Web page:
When a baby is born he or she brings so many joyful moments into his or her parents’ life. We commemorate the many “firsts” in our baby’s life such as fist steps, smiles, sounds, words, teeth and so on! Our child’s cuteness is unmatched with each new achievement. Unfortunately, along with exciting “firsts”, there are often come the uninvited and unwanted “firsts”. One of these unwanted occurrences are cavities and tooth decay.
Tooth decay is the single most common chronic childhood disease—5 times more common than asthma, 4 times more common than early childhood obesity, 20 times more common than diabetes. 42% of children 2 to 11 have had dental caries in their primary teeth, and 23% of them have untreated dental caries.
Luckily, it is not too hard to keep your baby teeth healthy!
Recommendations below are simple and easy. Following them will surely, if not guarantee, increase your baby’s chances of being cavity and decay free.
Parent tips for healthy baby teeth:
- Taking good care of your baby’s teeth from day one.
- Wipe the baby’s gums with a clean washcloth or infant toothbrush after each feeding.
- When the first tooth erupt, clean the baby teeth with children’ toothbrush twice a day.
- Visit pediatric dentist by baby’s first birthday.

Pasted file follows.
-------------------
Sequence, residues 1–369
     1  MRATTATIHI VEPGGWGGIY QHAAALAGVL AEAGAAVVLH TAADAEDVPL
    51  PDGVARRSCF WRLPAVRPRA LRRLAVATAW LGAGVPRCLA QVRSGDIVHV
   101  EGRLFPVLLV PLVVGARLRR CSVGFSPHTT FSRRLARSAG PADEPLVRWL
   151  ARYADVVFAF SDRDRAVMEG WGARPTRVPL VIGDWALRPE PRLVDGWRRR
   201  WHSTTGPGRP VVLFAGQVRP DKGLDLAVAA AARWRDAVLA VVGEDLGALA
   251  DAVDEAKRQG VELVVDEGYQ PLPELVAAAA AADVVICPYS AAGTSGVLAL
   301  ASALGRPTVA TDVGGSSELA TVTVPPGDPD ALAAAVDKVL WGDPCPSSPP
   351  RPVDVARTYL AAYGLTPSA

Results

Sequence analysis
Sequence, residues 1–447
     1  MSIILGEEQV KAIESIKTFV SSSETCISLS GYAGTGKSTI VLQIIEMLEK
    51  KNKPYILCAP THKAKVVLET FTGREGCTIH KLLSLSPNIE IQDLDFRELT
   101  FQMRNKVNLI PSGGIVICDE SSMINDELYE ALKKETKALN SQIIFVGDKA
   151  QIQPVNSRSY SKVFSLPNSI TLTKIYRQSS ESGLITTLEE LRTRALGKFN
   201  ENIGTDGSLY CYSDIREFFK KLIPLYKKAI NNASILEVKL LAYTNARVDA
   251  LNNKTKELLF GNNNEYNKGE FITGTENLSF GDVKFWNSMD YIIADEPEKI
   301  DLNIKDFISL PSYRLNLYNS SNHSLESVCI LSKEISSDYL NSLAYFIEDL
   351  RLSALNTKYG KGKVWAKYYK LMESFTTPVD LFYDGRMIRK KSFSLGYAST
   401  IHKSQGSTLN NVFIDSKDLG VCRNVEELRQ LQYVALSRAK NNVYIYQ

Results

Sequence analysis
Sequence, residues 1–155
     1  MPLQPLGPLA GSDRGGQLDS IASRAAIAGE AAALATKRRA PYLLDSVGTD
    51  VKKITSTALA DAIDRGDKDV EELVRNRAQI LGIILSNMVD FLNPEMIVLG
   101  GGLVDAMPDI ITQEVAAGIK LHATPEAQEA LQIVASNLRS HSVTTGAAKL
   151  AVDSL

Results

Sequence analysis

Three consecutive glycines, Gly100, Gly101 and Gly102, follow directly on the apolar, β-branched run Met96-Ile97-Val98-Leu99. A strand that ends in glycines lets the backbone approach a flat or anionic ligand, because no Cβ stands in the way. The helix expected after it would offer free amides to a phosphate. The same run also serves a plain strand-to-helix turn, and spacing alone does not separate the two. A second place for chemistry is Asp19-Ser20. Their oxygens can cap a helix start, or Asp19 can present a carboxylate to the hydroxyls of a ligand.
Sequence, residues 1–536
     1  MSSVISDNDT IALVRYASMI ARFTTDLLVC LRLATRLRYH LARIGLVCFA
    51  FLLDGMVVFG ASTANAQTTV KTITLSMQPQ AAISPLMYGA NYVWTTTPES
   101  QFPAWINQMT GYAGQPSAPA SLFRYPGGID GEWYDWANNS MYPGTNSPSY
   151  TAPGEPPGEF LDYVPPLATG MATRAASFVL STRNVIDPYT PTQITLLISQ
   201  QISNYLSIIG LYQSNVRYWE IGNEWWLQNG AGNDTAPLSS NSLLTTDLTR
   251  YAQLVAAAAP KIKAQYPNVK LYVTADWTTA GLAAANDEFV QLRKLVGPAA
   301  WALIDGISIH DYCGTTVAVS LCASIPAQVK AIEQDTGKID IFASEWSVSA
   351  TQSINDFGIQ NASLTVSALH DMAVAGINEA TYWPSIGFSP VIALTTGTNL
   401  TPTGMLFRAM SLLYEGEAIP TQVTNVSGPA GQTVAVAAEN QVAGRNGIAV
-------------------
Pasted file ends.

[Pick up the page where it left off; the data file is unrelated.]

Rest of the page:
- Infants should not be put to sleep with a bottle of milk, formula, sugar water, or fruit juice; only water should be used.
- Clean the baby’s mouth with a wet washcloth after the breastfeeding.
- Never dip a pacifier in anything sweet; it can lead to serious tooth decay.
- Fluoride for babies.
- Fluoride has been shown to reduce tooth decay by as much as 50 to 70 percent.
- Even before baby teeth have erupted, infants still need fluoride to help developing teeth grow strong. A pediatric dentist will determine the child’s fluoride needs during the initial consultation.
- Babies older than six months may need a fluoride supplement if their drinking water does not contain the right amount of fluoride.
- A pediatric dentist will help determine whether the child needs a fluoride supplement and, if so, will prescribe the proper amount.
- Don’t forget about your own oral health!
- Babies can “catch” cavities from their caregivers. In more than 70 percent of the cases, the mother is the source. Study shows that the cavity-causing bacteria known as Streptococcus mutans can be transmitted from mothers to infants even before teeth erupt. The better the mother’s oral health, the less the chance the baby will have problems.
Follow these recommendations and by the end of each visit your child’s dentist will always say: “Congratulations! Cavity and decay free!”
If you have any questions or concerns regarding your baby’s oral health, please contact our Children’s dentistry in Allen.